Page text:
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Ask the Mental Health Expert Archives 2001-2004

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Hypersexual Child

Q. My 12-year-old son was diagnosed with an array of conduct and emotional problems. He has been preoccupied with sex from age 9. I have caught him masturbating the dog and he masturbates a great deal himself. The problem now is that he is becoming more sexual with adult females. He told a lady that he wanted to kiss her. When she refused he became violent and started choking her. He is in an intensive treatment center but no one can give me any answers as to whether he is going to stay this way or what may be causing him to act this way. If a child is hypersexual at age 12, what course of treatment would you recommend?

A. This sounds like a painful and difficult problem for you, your son, and your family. Of course, without doing a thorough evaluation, I'm not in a position either to furnish a diagnosis or a recommendation for treatment. However, since your son is already in an intensive treatment center, I can suggest some questions and issues to raise with your son's clinical treatment team.

First of all, it is important to rule out any medical or neurological illnesses that can lead to impulsive, hypersexual, or aggressive behavior. Although the term conduct disorder is often applied in such cases, this diagnosis sometimes obscures the possibility that other treatable causes for these behaviors exist.

For example, in rare cases, brain lesions or damage in the frontal or temporal lobes can cause episodes of aggressive or hypersexual behavior. (This could be ruled out with brain imaging, such as an MRI, as well as an EEG, which looks at brain electrical activity). Increased sexual and/or aggressive behavior may also be seen in childhood forms of bipolar (manic-depressive) disorder. In such cases, there are usually "well" intervals, during which the child behaves more or less normally. If your son has not had neuropsychiatric testing (aimed at establishing IQ, learning disabilities, etc.), I would also recommend this.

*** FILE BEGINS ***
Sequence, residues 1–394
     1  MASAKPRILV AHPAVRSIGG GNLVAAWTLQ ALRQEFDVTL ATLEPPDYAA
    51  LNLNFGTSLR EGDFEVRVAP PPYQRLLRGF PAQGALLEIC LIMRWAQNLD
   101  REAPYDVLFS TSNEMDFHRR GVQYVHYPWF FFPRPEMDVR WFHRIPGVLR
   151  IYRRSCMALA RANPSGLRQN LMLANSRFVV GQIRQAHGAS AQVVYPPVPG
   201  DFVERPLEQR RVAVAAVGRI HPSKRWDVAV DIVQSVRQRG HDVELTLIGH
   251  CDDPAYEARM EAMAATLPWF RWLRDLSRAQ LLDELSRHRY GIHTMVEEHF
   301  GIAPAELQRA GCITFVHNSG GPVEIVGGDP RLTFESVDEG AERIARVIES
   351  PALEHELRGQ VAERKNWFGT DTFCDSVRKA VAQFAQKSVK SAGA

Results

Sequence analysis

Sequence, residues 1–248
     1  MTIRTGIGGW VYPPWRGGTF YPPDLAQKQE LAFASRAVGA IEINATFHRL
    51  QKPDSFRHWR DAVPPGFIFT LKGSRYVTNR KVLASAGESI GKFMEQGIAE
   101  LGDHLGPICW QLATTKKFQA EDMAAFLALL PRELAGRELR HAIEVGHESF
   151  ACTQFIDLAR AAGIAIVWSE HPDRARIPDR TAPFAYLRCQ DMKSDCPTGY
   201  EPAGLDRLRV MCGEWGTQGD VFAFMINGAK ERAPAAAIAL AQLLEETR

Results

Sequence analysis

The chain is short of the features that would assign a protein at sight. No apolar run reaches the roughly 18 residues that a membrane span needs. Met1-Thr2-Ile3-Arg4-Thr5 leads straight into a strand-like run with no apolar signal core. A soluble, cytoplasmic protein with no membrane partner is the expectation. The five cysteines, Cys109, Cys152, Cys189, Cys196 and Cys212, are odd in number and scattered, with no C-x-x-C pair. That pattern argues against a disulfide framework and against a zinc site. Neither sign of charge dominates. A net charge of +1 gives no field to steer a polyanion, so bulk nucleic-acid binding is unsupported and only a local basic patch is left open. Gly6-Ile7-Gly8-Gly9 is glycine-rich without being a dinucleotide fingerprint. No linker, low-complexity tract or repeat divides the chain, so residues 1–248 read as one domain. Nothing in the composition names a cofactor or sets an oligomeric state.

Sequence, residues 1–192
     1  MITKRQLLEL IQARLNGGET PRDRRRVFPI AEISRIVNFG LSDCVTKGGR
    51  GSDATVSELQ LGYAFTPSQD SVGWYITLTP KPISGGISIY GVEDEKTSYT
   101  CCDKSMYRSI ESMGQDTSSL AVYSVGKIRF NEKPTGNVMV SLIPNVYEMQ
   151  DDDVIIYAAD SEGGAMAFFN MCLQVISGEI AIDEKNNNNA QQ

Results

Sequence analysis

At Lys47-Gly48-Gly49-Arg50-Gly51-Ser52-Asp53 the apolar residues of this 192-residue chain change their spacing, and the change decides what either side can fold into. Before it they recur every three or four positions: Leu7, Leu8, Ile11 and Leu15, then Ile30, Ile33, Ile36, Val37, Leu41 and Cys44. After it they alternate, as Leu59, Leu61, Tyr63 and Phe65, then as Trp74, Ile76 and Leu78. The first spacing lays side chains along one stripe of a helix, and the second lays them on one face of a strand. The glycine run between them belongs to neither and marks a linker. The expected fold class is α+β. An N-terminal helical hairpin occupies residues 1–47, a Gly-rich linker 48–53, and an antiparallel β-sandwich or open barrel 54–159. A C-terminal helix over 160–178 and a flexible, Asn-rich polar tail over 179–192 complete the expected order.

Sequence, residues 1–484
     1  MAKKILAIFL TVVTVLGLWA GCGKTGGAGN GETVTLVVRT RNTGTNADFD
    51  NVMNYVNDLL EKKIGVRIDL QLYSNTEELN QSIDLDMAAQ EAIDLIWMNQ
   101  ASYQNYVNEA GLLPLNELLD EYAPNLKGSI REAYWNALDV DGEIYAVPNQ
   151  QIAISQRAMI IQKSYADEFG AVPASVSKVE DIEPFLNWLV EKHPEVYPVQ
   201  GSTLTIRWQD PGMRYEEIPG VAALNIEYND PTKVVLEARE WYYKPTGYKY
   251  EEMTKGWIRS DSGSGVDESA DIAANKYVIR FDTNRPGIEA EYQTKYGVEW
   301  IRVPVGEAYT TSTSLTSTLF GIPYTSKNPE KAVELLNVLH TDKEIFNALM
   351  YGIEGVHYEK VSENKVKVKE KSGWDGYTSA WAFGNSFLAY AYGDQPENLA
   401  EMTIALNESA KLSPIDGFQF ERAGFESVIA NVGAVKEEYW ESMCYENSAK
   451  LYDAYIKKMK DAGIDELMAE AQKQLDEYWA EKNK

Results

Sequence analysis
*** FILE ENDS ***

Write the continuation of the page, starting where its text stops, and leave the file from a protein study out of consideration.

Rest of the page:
In the end, if the diagnosis is still not clear, it may be worthwhile considering medications such as anticonvulsant mood stabilizers (e.g., valproate, oxcarbazepine) or lithium. One of the SSRIs (such as Prozac or Zoloft) could also be considered, unless bipolar disorder is present. (Antidepressants can often worsen cycling in bipolar disorder). Sometimes, in cases of co-existing attention deficit hyperactivity disorder (ADHD) and conduct disorder, a psychostimulant (such as Ritalin) may be helpful--but all this depends on a very careful work-up and diagnostic evaluation.

Some form of behavioral therapy is also an important part of treatment for most children with impulse control disorders. Naturally, whether your son stays this way or not depends on the underlying diagnosis. But, with persistence and patience, I am hopeful that effective treatments may be found for your son.

June 2002

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